Culture in Psychology
Chapter 10: Culture and emotions: depression among Pakistanis by Rabia Malik
Malik begins her writing with a discussion of emotions and how they are defined generally, as well as in different cultures (Malik 147-159). Malik states “When we think of emotions we think of them in the first instance as powerful personal experiences or feelings which arise within the body” (Malik 147). Throughout the chapter, Malik compares concepts of emotional states being internal and external (Malik 147-159. Malik also states, “The social constructionist perspective allows too for the possibility that emotions may work differently in different cultures” (Malik 147). Following this perspective, it is asserted that Westerners have a far more individualistic concept of emotions, including how they play out within the individual and the effect they have on the individual (Malik 149-150, 154). This individualized concept of self is also referred to as “’egocentric’ [and] ‘indexical’” (Malik 149). Conversely, “The ‘sociocentric’ ‘referential’ self is usually associated with non-western cultures” (Malik 149). “Laungani (1992) and Kakar (1982) argue that South Asian society cannot be seen in terms other than familial and communal” (Malik 154). Because the South Asian culture has such a different view on society, compared to the Western view of society, this also leads to a different view on distress/depression and ideas on how to treat these negative feelings.
Westerners “theorise emotions as [solely] internal essences” (Malik 147). Contrastingly, non-westerners view emotions as having multiple causes, most of which are external to an individual. This individual, Western view of emotions arose from Descartes’s separation of mind and body (Malik 148). After Descartes, “emotions were now clearly located in the body and thought in the mind” (Malik 148). I’ve never really thought of emotions as having a “location.” If an emotion has a “location,” in the body, does this mean it contains matter/mass? This “location” of emotions in the body could help explain the effects emotions have on the body, like stress (increased blood pressure, tension in the neck/shoulder area, etc.). The physical toll depression/melancholy has on the human body could then be more widely accepted with this theory of emotions.
The “indigenous” and British Pakistanis who were interviewed categorized causes of distress/depression “into circumstantial, relational (kinship), personality and supernatural causes. The predominant causes…were circumstances and relationships, which are external to the body” (Malik 153). It seems like indigenous and British Pakistanis have a much better understanding of the complexity of depression and its multiple causes, as compared to the rather reductionist American/Western view that depression is ‘simply’ a chemical imbalance. Maybe depression is a chemical imbalance, but what causes the imbalance? Maybe stressful relationships result in either an over or under production of a certain chemical which then results in depression/depression-like symptoms. Attempting to solely treat depression is futile; there seems to almost always be other underlying causes/factors to depression – isn’t this why individuals go to therapy – in an attempt to better their relationships/thinking patterns? I don’t think anyone would assert that therapy of any kind is a direct intervention on chemicals in the brain. As long as these other underlying causes/factors of depression are present, the depression itself will be present, no matter what antidepressants an individual is taking. It is necessary to examine the underlying causes/factors of depression and learn how to best deal/cope with them since they most likely cannot simply be cut out of the individual’s life.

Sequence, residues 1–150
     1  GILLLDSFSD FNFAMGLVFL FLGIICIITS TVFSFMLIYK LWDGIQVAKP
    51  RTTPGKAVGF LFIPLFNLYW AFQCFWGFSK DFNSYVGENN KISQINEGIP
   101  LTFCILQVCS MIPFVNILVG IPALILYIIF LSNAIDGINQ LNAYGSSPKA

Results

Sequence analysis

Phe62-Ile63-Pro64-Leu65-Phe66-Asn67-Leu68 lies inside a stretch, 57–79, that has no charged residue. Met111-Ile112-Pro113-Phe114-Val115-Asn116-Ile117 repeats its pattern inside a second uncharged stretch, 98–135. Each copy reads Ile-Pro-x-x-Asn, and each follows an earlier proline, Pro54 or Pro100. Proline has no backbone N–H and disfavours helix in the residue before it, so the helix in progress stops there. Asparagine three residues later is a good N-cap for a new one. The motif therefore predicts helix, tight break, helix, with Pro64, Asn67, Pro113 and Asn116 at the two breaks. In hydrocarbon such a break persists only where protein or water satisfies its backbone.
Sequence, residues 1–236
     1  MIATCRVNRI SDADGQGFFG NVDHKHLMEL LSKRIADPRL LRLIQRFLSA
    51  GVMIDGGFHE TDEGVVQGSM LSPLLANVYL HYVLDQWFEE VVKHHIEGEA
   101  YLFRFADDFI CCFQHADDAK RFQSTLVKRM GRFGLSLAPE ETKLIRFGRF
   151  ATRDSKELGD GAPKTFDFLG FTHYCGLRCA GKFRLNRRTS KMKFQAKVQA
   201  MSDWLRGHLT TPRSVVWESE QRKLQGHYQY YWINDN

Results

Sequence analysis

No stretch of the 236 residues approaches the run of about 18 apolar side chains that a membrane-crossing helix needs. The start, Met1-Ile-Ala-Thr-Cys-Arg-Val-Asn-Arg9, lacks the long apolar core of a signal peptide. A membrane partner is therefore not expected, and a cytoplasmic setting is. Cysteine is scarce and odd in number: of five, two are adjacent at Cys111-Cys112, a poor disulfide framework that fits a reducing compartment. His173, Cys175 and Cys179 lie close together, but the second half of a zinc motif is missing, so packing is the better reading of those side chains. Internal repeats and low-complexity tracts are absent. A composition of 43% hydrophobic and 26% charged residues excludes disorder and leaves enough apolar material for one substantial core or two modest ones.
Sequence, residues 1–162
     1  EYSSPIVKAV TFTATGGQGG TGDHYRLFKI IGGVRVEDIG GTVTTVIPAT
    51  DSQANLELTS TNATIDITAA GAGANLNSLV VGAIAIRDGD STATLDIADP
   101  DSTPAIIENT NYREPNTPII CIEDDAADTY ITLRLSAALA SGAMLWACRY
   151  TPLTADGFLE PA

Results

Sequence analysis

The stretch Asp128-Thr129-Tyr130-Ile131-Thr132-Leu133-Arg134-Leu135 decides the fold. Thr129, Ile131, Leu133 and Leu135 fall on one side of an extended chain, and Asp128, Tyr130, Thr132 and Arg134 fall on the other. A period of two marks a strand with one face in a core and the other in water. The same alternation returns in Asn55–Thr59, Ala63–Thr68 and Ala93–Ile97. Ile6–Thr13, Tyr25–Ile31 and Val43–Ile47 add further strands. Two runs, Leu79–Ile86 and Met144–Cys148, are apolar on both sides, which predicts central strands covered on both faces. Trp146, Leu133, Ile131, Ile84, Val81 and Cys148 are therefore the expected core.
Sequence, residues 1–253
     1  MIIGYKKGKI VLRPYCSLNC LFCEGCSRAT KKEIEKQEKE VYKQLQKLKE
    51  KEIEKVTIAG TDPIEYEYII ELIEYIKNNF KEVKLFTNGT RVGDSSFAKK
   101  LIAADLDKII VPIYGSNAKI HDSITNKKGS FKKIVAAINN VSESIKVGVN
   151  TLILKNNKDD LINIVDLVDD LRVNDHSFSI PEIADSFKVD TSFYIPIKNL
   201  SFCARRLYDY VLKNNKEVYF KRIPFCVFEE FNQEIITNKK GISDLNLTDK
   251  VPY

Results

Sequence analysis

In contrast to this view on depression, “In Euro-American cultures, although theorists acknowledge that emotions are evoked in a social context, they tend to ‘psychologise’ them, presenting them as an index of a personal state, rather than of social relationships as in other cultures” (Malik 148). Could ‘psychologise’ be replaced with medicalize? This view puts all the blame of any negative emotion on the individual, rather than looking at possible causes, like that individual’s relationships, the individual’s culture/society, etc. In this view, an individual could be blamed for his/her own depression, contributing to the negative stigma associated with mental illness in Western cultures.